EmWELL Update April 2022

The Woodruff Health Sciences Center (WHSC) Office of Well-Being was established on January 1, 2022, and we want to provide an update on its current work along with its future plans. In the spirit of well-being, this message is provided in three different forms to match the style and needs of the individual reader. 

NOTE: Throughout this report, please know that Emory Healthcare is a major unit within the Woodruff Health Sciences Center.

SUBMITTED BY: Co-Chief Well-Being Officers Tim Cunningham, RN, DrPH, and Chad Ritenour, MD.

 

PUNCHLINE

In the first 90 days since its inception, the Woodruff Health Sciences Center (WHSC) Office of Well-Being (EmWELL) has focused on the initial goals of assessment, infrastructure and measurement (AIM). 

  

SUMMARY

The mission of the Office of Well-Being (EmWELL) is to support and develop well-being strategies in partnership with staff and leaders across the Woodruff Health Sciences Center (WHSC). As the first Co-Chief Well-Being Officers, we want to begin by listening to our community to ensure we create relevant meaning. In the first 90 days, we have met with multiple groups, including staff members, faculty and leaders throughout the WHSC to discuss their thoughts. We have worked with Rollins School of Public Health students to conduct listening sessions across Emory Healthcare. Information received from these meetings is part of our initial assessment, which will also include identifying ongoing local well-being initiatives across WHSC as well as policies that can potentially affect well-being.

We are currently working on establishing a sustainable infrastructure for the Office of Well-Being. The recruitment of a Director of Special Projects, who will support day-to-day efforts, is almost complete. Additionally, we are also finalizing an advisory governance structure to encompass the various entities and key individuals involved in well-being work across WHSC. EmBRACE, the peer support program established by EHC Systems Nursing, will be brought under the EmWELL structure to support expansion and scope of this important peer-support work.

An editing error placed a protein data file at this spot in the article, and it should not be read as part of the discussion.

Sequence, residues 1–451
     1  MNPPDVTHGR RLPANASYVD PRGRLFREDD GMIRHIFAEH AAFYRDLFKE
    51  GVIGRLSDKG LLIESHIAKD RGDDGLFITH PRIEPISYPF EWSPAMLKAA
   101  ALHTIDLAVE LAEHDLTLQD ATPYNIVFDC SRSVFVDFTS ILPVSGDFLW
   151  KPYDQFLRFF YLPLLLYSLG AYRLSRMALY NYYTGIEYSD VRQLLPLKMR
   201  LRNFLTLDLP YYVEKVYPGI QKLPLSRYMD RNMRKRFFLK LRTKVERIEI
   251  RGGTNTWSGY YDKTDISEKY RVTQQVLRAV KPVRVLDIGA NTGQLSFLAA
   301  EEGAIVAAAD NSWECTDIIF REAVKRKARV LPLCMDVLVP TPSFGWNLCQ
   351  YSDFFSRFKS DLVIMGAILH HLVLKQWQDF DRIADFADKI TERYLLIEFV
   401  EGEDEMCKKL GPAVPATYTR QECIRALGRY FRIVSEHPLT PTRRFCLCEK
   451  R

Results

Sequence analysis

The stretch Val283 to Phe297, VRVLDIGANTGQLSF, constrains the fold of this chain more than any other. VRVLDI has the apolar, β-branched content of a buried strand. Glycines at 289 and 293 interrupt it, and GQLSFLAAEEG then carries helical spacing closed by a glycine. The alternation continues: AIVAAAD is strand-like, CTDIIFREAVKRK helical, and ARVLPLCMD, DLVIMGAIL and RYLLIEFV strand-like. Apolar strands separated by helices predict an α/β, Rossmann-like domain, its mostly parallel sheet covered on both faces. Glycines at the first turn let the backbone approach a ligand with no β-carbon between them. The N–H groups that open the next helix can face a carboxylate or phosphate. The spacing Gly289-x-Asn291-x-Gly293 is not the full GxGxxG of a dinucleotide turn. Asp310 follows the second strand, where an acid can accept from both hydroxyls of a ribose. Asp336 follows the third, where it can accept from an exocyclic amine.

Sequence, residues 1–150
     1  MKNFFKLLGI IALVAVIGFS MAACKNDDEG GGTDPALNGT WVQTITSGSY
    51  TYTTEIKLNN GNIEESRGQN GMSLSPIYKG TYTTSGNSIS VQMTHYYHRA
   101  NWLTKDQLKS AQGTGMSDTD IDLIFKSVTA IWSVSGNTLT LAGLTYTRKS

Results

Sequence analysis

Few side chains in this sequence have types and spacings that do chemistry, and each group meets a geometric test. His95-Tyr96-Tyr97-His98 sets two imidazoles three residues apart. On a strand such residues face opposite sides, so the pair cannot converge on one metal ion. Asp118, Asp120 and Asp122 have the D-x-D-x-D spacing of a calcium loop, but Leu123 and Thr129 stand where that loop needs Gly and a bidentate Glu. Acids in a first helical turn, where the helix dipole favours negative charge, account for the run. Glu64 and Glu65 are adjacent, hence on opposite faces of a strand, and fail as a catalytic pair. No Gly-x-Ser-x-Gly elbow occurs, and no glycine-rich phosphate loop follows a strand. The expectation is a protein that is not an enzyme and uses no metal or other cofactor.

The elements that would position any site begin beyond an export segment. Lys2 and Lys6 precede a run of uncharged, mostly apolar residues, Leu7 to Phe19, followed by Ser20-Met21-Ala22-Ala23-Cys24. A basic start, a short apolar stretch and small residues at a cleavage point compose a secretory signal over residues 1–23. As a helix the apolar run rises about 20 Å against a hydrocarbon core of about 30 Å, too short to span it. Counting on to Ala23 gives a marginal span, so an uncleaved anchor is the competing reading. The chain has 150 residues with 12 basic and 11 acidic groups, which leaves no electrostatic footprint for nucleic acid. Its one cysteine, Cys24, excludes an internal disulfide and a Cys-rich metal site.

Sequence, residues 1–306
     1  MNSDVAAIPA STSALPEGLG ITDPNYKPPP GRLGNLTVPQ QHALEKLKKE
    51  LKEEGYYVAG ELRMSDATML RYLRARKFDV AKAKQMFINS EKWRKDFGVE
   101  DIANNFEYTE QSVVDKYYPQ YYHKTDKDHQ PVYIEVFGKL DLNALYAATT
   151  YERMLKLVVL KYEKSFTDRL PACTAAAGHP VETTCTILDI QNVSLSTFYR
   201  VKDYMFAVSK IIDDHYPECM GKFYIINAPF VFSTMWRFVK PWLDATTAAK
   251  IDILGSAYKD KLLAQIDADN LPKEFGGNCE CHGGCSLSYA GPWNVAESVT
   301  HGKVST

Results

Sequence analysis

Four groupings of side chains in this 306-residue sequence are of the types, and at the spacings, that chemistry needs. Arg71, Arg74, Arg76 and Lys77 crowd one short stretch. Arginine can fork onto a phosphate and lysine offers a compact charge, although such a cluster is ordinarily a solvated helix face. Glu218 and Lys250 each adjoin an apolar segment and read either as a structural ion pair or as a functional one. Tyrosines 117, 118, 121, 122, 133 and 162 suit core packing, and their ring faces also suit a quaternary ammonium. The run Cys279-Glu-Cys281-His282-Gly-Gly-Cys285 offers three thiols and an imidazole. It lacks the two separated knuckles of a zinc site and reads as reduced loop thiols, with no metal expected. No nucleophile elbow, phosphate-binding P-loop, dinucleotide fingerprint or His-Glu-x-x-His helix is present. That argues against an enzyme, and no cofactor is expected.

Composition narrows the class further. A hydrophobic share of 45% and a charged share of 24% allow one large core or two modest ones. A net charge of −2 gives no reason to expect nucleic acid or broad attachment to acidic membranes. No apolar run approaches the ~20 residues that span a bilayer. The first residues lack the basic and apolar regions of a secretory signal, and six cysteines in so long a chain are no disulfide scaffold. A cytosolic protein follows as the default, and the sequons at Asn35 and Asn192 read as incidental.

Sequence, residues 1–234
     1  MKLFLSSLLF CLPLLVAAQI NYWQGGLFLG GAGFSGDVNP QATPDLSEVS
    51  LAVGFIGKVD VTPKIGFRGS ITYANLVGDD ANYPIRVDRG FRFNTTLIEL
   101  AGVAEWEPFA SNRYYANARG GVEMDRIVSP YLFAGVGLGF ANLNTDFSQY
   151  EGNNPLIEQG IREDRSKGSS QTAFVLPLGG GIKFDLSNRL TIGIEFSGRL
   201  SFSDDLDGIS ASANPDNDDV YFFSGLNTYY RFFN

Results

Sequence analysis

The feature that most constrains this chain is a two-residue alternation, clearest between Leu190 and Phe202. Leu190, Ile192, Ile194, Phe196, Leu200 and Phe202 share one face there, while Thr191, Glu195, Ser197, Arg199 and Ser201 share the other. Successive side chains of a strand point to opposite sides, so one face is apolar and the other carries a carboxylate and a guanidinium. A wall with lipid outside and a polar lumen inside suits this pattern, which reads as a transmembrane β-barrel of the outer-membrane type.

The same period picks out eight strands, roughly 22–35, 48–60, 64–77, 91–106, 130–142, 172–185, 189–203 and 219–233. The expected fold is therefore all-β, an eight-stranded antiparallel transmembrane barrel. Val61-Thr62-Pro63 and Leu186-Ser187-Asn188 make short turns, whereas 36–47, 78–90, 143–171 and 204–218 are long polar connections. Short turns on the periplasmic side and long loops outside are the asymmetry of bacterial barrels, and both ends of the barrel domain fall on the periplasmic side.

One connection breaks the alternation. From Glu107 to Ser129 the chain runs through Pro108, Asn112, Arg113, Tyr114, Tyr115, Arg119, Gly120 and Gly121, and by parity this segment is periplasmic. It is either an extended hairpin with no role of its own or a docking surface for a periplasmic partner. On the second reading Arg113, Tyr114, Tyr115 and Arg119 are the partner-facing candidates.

Defining measurement of well-being is another objective of EmWELL over the first year. In addition to reviewing established metrics, we are working with groups to develop a simple “pulse check” to provide real-time information that could lead to meaningful and timely interventions.

 

DETAIL

The Woodruff Health Sciences Center (WHSC) Office of Well-Being (EmWELL) starts its work at a crucial time for our country’s health care and affiliated programs in academic health systems. Emory has the ability and commitment to be a national leader in well-being, and, more importantly, we want to be relevant for all individuals within WHSC. With that objective, we have started foundational work in the first 90 days that will continue to develop based on input from our teams. We also want to connect the work of EmWell to other broader initiatives like Diversity, Equity, and Inclusion (DEI), professional development, interprofessional education and collaborative practice (IPECP), innovation, and operational excellence.